So, I kind of live in a town that most of my family on my mom’s side is from ( i KNOW random) and today i went to the local library to find an old newspaper article about the day my grand-grandparents died in a fire. and i flipped through the “best copy available” of the microfilm from the Oshkosh Northwestern circa 1949. (apparently THESE are what they used before computers, or something?) and there it was. on the front page of the Dec. 4, 1949 Oshkosh Daily Northwestern “Oshkosh home destroyed. Burns take lives of three.”
and it was SO weird to read the article. because it was MY family. the people who died in that fire were the people who got together one night (maybe after a few too many drinks?? hm? hm?) and made a baby. and that baby grew up and got together with someone else and had another baby, and after a few more babies — there was me. and they were REAL people. who had REAL lives. and then died. tragically. in a fire. and there’s SO much information in that article that i never would have known if Northwestern Reporter Robert Kirz hadn’t taken the time to write that article.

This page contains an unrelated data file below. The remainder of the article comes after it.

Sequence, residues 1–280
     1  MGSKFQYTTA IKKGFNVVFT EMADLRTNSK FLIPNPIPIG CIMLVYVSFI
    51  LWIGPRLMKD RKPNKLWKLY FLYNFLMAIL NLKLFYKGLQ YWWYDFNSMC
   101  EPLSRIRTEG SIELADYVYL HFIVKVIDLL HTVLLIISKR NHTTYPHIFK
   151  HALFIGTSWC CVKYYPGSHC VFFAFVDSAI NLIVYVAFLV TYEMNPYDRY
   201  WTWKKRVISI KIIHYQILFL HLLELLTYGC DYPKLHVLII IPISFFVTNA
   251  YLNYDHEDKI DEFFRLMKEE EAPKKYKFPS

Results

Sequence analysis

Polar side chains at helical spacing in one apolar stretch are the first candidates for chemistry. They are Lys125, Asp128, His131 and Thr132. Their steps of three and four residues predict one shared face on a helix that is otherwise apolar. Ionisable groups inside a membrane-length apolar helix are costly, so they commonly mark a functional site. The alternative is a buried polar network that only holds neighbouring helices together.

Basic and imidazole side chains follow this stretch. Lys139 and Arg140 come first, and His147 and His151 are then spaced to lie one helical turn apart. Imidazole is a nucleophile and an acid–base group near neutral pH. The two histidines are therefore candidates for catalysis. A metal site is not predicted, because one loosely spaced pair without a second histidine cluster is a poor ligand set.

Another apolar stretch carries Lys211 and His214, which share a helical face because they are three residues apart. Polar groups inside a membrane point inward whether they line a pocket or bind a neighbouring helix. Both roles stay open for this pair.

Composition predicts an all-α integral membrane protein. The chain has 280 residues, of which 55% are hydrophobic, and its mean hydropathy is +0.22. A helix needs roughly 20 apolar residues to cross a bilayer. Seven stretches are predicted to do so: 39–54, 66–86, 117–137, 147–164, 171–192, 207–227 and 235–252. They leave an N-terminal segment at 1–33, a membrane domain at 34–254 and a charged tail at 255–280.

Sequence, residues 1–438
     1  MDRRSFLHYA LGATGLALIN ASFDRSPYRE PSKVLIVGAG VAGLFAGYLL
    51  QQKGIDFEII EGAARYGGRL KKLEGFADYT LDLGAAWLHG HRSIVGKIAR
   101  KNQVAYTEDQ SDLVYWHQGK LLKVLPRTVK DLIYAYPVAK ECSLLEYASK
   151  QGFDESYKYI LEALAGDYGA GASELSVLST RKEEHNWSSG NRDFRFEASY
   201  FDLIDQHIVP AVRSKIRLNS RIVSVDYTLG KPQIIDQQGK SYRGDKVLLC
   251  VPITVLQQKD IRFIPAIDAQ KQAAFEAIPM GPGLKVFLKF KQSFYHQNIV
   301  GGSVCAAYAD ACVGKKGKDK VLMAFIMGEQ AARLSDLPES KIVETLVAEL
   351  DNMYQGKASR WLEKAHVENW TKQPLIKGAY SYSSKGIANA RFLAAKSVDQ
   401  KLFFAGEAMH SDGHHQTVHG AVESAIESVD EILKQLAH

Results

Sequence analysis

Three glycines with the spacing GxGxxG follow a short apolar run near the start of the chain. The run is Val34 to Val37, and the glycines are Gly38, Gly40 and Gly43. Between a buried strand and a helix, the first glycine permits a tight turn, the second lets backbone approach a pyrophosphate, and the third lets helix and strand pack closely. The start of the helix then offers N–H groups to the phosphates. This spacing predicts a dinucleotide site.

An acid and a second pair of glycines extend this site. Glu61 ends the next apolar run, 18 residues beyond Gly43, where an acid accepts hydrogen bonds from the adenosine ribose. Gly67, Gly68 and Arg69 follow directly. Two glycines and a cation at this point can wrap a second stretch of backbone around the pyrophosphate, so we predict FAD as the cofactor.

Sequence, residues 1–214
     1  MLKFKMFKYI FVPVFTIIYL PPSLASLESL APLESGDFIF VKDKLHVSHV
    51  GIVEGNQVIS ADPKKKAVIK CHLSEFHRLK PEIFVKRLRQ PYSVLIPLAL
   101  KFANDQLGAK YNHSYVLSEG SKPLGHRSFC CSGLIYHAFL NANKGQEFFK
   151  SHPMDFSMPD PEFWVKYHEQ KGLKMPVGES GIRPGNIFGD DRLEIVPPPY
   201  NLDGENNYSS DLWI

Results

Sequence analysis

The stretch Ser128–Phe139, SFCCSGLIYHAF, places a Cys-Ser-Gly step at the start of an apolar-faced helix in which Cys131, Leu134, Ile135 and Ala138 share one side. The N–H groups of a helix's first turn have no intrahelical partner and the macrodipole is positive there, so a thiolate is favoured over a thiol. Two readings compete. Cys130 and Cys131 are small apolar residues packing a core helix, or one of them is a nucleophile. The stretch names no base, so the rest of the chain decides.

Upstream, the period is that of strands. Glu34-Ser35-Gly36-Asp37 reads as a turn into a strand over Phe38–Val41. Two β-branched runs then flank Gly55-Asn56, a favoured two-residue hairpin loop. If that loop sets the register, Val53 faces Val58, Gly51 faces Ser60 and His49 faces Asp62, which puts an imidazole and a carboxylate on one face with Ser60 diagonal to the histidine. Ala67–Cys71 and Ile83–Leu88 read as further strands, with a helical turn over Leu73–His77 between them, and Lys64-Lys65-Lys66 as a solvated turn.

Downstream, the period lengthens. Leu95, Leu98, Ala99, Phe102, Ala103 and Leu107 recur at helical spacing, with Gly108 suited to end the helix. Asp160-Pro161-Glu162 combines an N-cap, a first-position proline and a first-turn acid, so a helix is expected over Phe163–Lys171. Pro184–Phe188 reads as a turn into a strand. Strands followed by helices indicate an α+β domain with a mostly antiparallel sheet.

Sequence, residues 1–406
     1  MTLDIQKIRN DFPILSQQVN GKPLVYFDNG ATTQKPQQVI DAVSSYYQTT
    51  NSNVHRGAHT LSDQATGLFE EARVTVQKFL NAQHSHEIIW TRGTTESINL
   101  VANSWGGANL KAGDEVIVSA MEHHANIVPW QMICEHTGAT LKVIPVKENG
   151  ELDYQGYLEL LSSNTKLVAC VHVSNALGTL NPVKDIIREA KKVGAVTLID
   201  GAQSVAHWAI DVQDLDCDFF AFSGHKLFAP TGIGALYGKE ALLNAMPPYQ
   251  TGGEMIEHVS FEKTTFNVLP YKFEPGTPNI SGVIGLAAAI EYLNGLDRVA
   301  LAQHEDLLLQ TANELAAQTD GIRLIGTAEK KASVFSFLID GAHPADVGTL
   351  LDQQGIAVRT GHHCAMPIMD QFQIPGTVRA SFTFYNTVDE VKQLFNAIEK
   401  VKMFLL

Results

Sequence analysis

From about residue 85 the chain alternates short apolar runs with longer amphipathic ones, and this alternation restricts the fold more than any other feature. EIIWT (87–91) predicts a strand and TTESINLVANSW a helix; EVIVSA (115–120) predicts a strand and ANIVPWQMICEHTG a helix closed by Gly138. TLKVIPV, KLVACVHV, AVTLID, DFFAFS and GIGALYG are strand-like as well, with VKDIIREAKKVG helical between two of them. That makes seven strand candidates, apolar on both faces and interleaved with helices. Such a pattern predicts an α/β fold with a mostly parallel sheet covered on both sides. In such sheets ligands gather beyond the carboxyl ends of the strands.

but because of him, i do know. i know that the fire wasn’t started by my family, it was started by their landlord. I know how old they were when they died. i know what time it all when down. and because reporters used to get more than six inches to tell a story, i also know where my great-grandparents met and worked.
and it all made me realize that reporters are important, because they are writing our history on a daily basis. and as the media keeps changing, their main goal remains the same — to figure out what happened to who and then tell other people about it so that the next day, the next month and the next century people can know what happened in say, a fire in oshkosh, wis. circa 1949.